US says settlement plans 'deeply troubling,' despite continuing to actively support them
U.S. Congressman Steny Hoyer (D-MD) said Wednesday that financial challenges “will not have any adverse effect on America’s determination to meet its promise to Israel.” The blunt statement by the second-highest ranked Democrat in the House of Representatives underscored recent news that subsidies to Israel remained untouched by the debt crisis.
Hoyer is currently leading a delegation of 26 US Democratic congressmen on a tour of Israel and the Palestinian Authority, funded by an affiliate of the American Israel Public Affairs Committee. He insisted his message was bipartisan and that a similar message will be brought to Israel next week when House Majority Leader Eric Cantor (R-VA) leads a Republican delegation to the country, numbering 55 congressmen.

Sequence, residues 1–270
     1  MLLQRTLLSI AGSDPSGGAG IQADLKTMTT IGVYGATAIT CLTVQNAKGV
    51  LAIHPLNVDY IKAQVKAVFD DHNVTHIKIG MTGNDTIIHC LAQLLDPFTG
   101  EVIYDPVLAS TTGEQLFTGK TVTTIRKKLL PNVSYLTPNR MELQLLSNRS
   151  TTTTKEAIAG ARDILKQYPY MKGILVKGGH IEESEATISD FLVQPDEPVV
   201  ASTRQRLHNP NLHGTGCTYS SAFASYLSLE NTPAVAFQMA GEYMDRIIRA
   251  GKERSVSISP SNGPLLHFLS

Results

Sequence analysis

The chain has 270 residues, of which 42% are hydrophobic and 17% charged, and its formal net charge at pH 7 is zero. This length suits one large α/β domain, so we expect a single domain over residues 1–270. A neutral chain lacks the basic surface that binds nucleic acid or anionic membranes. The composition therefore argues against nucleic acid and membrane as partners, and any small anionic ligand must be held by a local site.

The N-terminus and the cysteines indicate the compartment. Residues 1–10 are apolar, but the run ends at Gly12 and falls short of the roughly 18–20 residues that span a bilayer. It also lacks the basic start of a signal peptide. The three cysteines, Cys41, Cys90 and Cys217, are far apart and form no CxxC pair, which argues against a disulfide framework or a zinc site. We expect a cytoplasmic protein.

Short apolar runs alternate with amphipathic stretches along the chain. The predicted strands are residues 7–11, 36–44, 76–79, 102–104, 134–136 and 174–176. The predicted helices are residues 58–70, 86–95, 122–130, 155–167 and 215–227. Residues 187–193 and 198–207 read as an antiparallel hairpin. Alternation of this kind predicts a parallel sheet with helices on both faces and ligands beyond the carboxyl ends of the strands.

Israel announced on Monday the approval for building 277 new homes in an illegal West Bank settlement, just days after announcing approval for thousands of new homes in Palestinian East Jerusalem and after breaking new records in the rate of demolitions of Palestinian homes and settlement construction in 2011.
Strangely, the U.S. responded to these moves on Monday by saying publicly that it was “deeply troubled” by Israel’s settlement plans, a bold statement considering all of Israel’s activities in the occupied territories are funded and sanctioned by the U.S.
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